In 2015, Stanislav “Stas” Kleshnov took his place on the podium, waved to the crowd, and walked away from competition climbing as the Ukrainian champion.
For 25 years, this had been his life. The competitive spirit is marked in his sharp-features and stern look, which cracks with an occasional smirk or glint in his eye. His determined expression offers clues of the hard work it took to rise from the 10 year old kid who was inspired the first time he saw the limestone cliffs over the Black Sea.
He knew then the sport was his escape from a life of mining or metallurgy, the likely paths for those from Donetsk.
Climbing offered a way to see Europe after the dissolution of the USSR, and it exposed him to the training resources and gyms in other countries. For years Ukraine had a strong showing in international competition, from Olga Shalagina (1st, boulder), Olena Ryepko (1st, speed), and Maksym Styenkovyy (2nd place, speed), claiming medals as World Champions in 2005 to multiple podium placements across the three disciplines (speed, boulder, lead) through the early 2010s. Danyil Boldyrev remains one of the best in speed, but the country has seen its position passed in the other disciplines by the likes of Japan, Slovenia, China, and others.
In the end, Stas was proud of the national team’s accomplishments, but disappointed in the state of things and where they were headed.
“The government just hasn’t invested in the sport like other countries. They didn’t build any modern gyms. They thought professional sportsmen would grow up in the private sector [at commercial gyms], but those gyms [here] aren’t designed for that. Ukraine is falling behind,” Stas demurs.
When he decided to hang up his boots, he wanted to leave a legacy beyond his medals. He used what he learned from international competition to open the country’s most modern climbing gym, The Wall, in Lviv, and to welcome others into the sport.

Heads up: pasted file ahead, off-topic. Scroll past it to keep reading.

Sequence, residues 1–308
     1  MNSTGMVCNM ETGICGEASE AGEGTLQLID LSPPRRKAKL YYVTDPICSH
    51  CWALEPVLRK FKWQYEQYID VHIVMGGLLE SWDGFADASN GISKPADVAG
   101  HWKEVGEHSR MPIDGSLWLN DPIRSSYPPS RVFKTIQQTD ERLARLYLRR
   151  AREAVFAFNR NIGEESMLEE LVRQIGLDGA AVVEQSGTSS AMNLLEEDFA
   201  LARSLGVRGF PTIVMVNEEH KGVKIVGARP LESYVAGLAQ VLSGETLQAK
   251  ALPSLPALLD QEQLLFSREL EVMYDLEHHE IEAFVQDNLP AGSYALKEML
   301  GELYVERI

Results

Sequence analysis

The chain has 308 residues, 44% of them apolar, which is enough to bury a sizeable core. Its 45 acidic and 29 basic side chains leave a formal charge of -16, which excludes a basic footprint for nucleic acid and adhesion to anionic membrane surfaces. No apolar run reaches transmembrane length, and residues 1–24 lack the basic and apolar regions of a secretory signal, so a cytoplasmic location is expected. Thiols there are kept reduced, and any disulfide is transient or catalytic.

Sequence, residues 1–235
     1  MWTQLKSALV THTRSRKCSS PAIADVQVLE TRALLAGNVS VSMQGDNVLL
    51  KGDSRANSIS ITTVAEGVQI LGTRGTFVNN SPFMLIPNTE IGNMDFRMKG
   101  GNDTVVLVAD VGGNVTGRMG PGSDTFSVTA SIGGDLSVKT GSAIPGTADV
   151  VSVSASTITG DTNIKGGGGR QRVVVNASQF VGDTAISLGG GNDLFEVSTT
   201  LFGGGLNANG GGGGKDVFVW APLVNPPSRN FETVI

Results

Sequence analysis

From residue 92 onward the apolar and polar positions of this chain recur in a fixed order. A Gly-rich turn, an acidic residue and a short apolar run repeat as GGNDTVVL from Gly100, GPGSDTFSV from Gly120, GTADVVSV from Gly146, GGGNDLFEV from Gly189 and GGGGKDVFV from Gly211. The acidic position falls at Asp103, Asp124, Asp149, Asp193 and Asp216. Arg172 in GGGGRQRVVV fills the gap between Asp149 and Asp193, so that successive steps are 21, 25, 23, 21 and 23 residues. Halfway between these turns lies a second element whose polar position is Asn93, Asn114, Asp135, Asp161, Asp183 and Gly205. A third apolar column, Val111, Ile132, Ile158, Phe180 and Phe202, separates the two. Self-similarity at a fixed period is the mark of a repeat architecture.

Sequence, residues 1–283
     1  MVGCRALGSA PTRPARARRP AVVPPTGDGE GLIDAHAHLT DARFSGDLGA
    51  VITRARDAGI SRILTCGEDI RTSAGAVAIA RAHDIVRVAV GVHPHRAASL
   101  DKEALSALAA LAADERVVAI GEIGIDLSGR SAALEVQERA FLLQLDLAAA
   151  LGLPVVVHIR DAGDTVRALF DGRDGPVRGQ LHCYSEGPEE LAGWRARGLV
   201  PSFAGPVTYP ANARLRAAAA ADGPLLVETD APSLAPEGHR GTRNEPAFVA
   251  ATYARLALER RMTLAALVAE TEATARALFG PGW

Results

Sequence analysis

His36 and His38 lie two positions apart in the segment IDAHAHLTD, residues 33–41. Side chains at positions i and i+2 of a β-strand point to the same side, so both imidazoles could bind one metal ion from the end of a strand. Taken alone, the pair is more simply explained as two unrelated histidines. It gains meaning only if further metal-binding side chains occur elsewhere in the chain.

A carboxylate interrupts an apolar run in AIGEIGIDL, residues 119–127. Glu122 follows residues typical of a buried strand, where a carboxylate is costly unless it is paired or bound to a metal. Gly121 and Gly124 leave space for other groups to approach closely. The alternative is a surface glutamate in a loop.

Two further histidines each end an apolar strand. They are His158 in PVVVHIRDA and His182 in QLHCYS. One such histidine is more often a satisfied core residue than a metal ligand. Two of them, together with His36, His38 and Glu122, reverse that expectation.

Stas says, “Before the modern gyms, you could only start climbing in a sports institute or in school. There was no other way: Only children’s school or a sports school. We make climbing more open.”
The Wall is taking an innovative approach borne out of necessity, some luck, and a rise in accessibility to the sport, such as climbing gear being more easily available and rising wages.
Stas flashed a smile and greeted me in English, a language he hadn’t had to use in months.
“Добрий день (dobryj den, ‘hello’),” I offered, and he showed me around the gym.
Tucked into the side of an office building, The Wall offers a unique model that is perfectly suited for the small, but growing climbing community in Lviv. At 210 sq. meters (689 sq. ft.), it is tiny by conventional standards, but it suggests a viable “micro” gym for corporate and residential buildings as climbing continues to increase in popularity.
In Lviv, this size works just fine given the cost constraints (rent can be as expensive as in Germany), shifting cultural acceptance around paying for sport, and the gradual but developing interest in climbing in Ukraine. Still, The Wall welcomed over 1,200 unique climbers last year, most of whom tried the sport for the first time.
The gym itself is bathed in light with floor to ceiling windows on three sides. The place is cozy without feeling cramped, and amazingly, it packs in over 50 routes up to 14 meters high. Given the strength of the instructors (many have competed on the national team), the setting is high quality, catering to the moderate range. There is a bouldering area with plenty of features to keep it interesting, and a workout space that doubles as a yoga room.
I spent August, 2018 in Lviv and this was my first dedicated time to top-roping. The instructors were personable and friendly, and were quick to offer encouragement in the form of yelling “давай-давай (davai davai, something like ‘let’s go!’)” at me.
It was a fantastic place to learn the ropes.
Yoga, hang boards, plyometric boxes, personal instruction, instructors who will happily belay you, changing room.
How to Get There:
Google Maps doesn’t show all the bus and tram options, so download the Eway app.
The 2 tram and the 29 bus will get you there.
Lviv, Geroiv UPA 72 housing 40, Technopark
A single day pass is between 100-120 UAH (~$3.80-$4.50), depending on what time of day you go, while a monthly pass is 1,700 UAH (~$64).
Phone number: +380 67 711 0496
(They are also responsive on Facebook Messenger)
Saturday, Sunday: 11:00AM-8:00PM
Lviv is a fascinating city with a long and complicated history. It is on the western edge of Ukraine and is one of the cultural centers of the country. There is beautiful architecture from the Hapsburg days, vast parks throughout the city, and a lively tourist scene with many restaurants and bars.